Wendy Williams’s Guardian Calls Documentary ‘Blatant Exploitation’

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When the trailer for the Lifetime documentary Where Is Wendy Williams? dropped in February, many viewers had the same question: Was Williams — who was recently diagnosed with aphasia and dementia — really in a place to consent to an intimate exposure of her life? According to recently unsealed court documents, Williams’s guardian, Sabrina Morrissey, argues she was not.

After seeing the trailer, Morrissey filed a lawsuit attempting to keep Lifetime’s parent company, A&E, from releasing the documentary. In the suit, which was unsealed on Thursday, she accuses the filmmakers and the network of “shamelessly” exploiting Williams. According to USA Today, the suit claims that “the documentary exploits (Williams’s) medical condition to portray her in a humiliating, degrading manner and in a false light.”

Although Williams’s name was signed on a contract for the project to be made in January 2023, per USA Today, Morrissey’s suit claims that “As a result of her medical condition, (Williams) lacked capacity when the contract was purportedly executed, and she remains in that condition.” The suit goes on to say that Williams, “was not, and is not, capable of consenting to the terms” of the documentary. While Morrissey contends that as Williams’s guardian, she allowed filming of the documentary to take place because she thought it wouldn’t be aired without “review and final approval” from her and the court, she claims the filmmakers didn’t seek such permission.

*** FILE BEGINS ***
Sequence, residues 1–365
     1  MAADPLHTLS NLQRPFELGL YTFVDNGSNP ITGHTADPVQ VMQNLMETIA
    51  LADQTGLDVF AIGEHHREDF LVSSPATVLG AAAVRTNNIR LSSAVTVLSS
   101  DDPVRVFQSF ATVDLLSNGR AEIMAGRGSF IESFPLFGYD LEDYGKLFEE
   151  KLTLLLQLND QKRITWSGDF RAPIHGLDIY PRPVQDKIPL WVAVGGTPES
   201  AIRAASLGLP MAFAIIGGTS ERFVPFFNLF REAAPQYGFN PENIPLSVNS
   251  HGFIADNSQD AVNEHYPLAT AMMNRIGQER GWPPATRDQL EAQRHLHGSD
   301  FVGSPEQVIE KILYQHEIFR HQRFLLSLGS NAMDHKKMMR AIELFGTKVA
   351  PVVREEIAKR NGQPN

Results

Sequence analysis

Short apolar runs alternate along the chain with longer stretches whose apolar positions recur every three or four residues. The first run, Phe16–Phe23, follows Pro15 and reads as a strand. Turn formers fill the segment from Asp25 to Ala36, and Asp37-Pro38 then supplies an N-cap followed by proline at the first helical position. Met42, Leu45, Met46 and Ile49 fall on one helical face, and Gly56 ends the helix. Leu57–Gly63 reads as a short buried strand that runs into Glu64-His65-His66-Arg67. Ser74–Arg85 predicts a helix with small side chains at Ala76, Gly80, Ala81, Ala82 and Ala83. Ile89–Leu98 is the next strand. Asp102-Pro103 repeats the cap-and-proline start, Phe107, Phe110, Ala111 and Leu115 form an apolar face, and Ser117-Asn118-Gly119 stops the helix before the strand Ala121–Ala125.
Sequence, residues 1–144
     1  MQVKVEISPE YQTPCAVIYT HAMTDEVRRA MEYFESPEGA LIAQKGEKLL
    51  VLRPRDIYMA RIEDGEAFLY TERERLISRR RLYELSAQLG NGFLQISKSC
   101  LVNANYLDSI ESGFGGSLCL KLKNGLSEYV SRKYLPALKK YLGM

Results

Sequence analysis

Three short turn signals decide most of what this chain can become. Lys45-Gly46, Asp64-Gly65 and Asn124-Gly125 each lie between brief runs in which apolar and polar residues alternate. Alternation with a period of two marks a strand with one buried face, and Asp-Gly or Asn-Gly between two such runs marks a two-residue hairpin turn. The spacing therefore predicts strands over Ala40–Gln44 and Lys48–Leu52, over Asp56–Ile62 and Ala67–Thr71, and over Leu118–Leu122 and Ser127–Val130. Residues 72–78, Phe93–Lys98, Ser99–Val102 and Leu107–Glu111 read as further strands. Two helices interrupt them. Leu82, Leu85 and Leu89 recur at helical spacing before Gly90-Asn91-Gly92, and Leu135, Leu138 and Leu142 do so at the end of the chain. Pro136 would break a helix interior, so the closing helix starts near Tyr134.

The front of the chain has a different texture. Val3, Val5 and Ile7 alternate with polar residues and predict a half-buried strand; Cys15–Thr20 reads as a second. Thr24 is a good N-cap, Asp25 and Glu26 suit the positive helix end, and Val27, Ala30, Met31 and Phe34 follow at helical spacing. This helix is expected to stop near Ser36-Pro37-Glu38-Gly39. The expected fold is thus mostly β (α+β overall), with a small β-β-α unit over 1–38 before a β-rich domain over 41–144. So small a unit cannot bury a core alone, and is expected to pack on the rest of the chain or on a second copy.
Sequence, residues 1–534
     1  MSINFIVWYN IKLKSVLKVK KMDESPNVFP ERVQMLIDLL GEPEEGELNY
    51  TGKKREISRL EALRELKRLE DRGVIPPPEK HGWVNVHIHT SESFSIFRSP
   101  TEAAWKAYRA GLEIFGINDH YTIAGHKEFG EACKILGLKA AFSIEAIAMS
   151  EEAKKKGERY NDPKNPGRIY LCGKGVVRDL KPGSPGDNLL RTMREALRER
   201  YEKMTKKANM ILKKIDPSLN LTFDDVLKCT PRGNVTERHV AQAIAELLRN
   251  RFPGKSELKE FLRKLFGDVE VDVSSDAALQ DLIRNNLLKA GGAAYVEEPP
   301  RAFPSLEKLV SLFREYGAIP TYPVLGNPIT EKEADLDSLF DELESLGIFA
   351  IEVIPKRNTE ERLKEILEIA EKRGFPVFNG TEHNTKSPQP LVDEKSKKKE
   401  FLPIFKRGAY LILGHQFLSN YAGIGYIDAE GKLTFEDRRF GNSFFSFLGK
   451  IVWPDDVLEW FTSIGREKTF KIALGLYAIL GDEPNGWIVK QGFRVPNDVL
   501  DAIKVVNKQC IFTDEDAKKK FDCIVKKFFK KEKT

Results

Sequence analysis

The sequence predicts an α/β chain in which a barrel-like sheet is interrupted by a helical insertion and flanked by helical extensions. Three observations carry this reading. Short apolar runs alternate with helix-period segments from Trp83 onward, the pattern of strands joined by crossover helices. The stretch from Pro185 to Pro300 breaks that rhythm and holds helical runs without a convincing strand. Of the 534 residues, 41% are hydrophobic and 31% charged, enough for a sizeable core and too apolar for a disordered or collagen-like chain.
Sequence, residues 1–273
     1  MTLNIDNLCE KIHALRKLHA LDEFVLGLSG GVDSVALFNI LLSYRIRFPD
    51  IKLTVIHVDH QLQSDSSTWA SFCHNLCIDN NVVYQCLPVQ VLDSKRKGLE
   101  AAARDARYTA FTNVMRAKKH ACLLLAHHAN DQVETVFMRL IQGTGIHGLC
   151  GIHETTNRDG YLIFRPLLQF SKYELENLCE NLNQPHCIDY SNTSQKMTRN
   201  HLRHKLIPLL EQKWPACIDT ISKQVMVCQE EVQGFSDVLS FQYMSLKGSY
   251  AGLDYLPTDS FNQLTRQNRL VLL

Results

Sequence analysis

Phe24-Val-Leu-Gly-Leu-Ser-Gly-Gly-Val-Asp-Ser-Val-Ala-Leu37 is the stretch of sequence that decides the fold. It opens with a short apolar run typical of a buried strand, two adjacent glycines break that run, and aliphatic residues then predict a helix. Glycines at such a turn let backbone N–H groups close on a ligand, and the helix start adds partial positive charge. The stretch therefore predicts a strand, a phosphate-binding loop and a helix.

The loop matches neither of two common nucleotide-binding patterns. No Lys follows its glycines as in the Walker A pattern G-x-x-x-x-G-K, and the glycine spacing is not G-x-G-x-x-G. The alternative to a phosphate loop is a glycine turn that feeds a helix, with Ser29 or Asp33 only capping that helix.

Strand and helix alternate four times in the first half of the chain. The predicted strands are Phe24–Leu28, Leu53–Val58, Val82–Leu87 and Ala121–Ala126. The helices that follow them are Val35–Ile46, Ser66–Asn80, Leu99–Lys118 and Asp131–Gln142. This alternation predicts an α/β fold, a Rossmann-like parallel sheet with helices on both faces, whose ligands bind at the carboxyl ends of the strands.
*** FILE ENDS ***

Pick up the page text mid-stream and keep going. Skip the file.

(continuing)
Williams was appointed a court-ordered guardian in 2022 after her bank said she was an “incapacitated person” who had been “victim of undue influence and financial exploitation.” Days before the documentary aired, a representative for the former talk-show host revealed that Williams had been diagnosed with primary progressive aphasia and frontotemporal dementia. Producers Mark Ford and Erica Hanson and Lifetime executive Brie Miranda Bryant later told The Hollywood Reporter that they didn’t know about her diagnoses before filming. “If we had known that Wendy had dementia going into it, no one would’ve rolled a camera,” Ford said.

A day before the documentary premiered, a judge ruled that blocking it would be an “impermissible prior restraint on speech that violates the First Amendment of the Constitution.” Per Deadline, the four-and-a-half-hour documentary was the network’s biggest nonfiction debut in two years.

The Cut has reached out to A&E for comment and we will update this post when we hear back.

Wendy Williams’s Guardian Calls Doc ‘Blatant Exploitation’